Eventually the owner came over and touching my shoulder and neck he again over enthusiastically thanked me for coming and got me a beer. He explained a few things about when we would start and asked if I was comfortable. By now I had started to notice some cameras being set up and the lighting equipment being tested, another beer was brought to me and my suspicions were suddenly confirmed. Cripes, I was not going to be watching a movie about coffee, I WAS GOING TO BE IN A MOVIE ABOUT COFFEE!
Sure enough, the guy with the camera finally had it all set up and came over to chat me up in English.
“Hello, how are you my name is Pedro, are you comfortable and do you know what it is that we are doing here?”
“ Umm, well, I thought we were watching a movie about coffee. However now I think we are making a movie about coffee. Yes?”
“Yes, sort of. We are making a commercial about coffee from this region as we feel it is some of the best of the world and we would like to capture on camera how you feel about the coffee.”
“Great, you could not have picked a better person to give their opinion of Colombian coffee and I’m happy to help!”
A year ago I would have not known the difference between a cup of good coffee and a cup of tobacco spit. Yet after doing a six-week stint working on an organic coffee farm in El Salvador earlier that year. They would teach me everything from planting for flavour influence and altitude, to roasting, brewing and even helping to run coffee tours. Since then I would be hopping from country to country in the Americas getting my lips on every premium brew I could find and would now fancy myself well opinionated. Well at least in my own company and for Colombian coffee commercials that is.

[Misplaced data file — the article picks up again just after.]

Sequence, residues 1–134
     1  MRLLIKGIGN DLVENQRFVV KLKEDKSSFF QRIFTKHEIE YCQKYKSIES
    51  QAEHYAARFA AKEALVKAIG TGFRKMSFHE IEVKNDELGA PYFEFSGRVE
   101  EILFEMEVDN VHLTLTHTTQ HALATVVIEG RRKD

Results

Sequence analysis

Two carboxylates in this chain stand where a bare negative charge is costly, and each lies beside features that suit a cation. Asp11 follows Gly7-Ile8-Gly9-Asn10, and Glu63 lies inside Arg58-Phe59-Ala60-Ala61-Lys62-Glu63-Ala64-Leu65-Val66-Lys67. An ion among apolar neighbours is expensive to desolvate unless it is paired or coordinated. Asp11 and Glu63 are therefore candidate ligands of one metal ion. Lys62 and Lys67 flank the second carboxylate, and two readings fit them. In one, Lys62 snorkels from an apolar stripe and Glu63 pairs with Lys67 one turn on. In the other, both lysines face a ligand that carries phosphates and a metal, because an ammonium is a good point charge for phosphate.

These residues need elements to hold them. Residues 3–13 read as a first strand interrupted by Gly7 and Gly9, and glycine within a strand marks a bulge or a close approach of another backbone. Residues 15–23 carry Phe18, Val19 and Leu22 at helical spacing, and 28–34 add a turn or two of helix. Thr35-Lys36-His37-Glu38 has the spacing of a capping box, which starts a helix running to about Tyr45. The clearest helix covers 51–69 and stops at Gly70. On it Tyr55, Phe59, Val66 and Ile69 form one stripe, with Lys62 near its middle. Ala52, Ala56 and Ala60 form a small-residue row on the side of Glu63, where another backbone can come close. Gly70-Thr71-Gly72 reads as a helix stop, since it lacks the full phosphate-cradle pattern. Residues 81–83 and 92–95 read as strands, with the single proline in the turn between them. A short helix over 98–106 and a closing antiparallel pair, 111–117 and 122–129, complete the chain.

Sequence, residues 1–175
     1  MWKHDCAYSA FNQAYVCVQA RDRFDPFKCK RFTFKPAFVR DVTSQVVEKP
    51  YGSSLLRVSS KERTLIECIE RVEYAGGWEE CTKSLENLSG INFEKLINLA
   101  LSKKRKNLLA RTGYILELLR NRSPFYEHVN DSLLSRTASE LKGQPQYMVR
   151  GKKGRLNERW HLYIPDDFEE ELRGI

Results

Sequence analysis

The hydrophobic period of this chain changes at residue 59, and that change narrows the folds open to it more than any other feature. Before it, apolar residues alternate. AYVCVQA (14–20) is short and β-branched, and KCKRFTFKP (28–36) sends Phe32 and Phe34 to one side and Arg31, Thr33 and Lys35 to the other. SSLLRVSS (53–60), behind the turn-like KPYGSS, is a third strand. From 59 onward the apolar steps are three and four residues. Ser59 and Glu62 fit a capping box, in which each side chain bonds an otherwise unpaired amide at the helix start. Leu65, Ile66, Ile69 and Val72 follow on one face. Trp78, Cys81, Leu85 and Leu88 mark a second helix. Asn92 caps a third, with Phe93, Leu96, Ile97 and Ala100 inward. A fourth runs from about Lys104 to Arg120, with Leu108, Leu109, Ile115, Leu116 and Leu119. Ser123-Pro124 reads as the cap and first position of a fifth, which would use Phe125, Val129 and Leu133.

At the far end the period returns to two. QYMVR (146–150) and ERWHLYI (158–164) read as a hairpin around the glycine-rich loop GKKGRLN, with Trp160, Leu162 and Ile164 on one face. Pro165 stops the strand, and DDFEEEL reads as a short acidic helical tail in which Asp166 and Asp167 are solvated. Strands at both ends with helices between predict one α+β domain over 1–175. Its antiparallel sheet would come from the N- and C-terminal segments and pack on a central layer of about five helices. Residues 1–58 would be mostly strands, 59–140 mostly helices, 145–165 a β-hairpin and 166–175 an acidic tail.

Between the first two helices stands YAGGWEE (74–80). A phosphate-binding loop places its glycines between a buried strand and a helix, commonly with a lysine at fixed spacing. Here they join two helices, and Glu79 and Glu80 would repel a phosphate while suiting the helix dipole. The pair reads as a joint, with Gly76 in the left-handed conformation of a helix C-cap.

What a great time., from here I was fed about seven beers and two more espressos before we were all wrapped up. For about twenty minutes we did several takes where they would ask me how I felt about this cup of coffee and what drinking the coffee meant to me. I think I nailed it with something about it feeling like I was actually tasting the culture and they seemed delighted with my answers that included the word “magic” and ended
with a lot of me smiling like an Asian tourist.
They also interviewed the barista, he didn’t fair so well and was stuttering up a storm, frothing at the mouth and drawing blanks for his twenty minutes. I see in the video that he was left out entirely. I’m sure if they had fed him the seven beers along with the three espressos
he might have done a better job, poor little stuttering Sal .
Indeed that coffee was fantastic and the aroma alone would leave the average barista steaming in his steps. The owner took a bag of roasted beans off the shelf and squeezed it under my nose enough to allow a sacred breath to escape the valve on the coffee bag. A warm breath of caramelised brown sugar thick like bakery air would encompass my senses, the bag was then placed in my hands as a parting gift.
To watch the commercial just click on the video, I’ve also added a link to their website. Unfortunately I feel the quality of website design and video quality is subpar in comparison to the coffee. Fun day all the same.
12/5/2017 02:26:30 pm
Your 101's keep my smiling! Glad they loved you at Café Filandia!